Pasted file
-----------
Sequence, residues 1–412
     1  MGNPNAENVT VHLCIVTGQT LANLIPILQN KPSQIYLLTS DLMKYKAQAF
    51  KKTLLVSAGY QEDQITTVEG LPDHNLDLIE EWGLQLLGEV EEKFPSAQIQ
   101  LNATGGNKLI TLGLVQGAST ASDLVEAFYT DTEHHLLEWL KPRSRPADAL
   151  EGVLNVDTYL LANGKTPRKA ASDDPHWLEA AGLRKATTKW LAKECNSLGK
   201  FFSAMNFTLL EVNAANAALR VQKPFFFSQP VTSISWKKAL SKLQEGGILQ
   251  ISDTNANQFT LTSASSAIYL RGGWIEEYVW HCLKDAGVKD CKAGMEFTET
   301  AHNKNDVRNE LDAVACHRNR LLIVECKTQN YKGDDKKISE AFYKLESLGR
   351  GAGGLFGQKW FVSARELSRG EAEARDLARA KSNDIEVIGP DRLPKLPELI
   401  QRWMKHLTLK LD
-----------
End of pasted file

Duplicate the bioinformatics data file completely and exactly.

Sequence, residues 1–412
     1  MGNPNAENVT VHLCIVTGQT LANLIPILQN KPSQIYLLTS DLMKYKAQAF
    51  KKTLLVSAGY QEDQITTVEG LPDHNLDLIE EWGLQLLGEV EEKFPSAQIQ
   101  LNATGGNKLI TLGLVQGAST ASDLVEAFYT DTEHHLLEWL KPRSRPADAL
   151  EGVLNVDTYL LANGKTPRKA ASDDPHWLEA AGLRKATTKW LAKECNSLGK
   201  FFSAMNFTLL EVNAANAALR VQKPFFFSQP VTSISWKKAL SKLQEGGILQ
   251  ISDTNANQFT LTSASSAIYL RGGWIEEYVW HCLKDAGVKD CKAGMEFTET
   301  AHNKNDVRNE LDAVACHRNR LLIVECKTQN YKGDDKKISE AFYKLESLGR
   351  GAGGLFGQKW FVSARELSRG EAEARDLARA KSNDIEVIGP DRLPKLPELI
   401  QRWMKHLTLK LD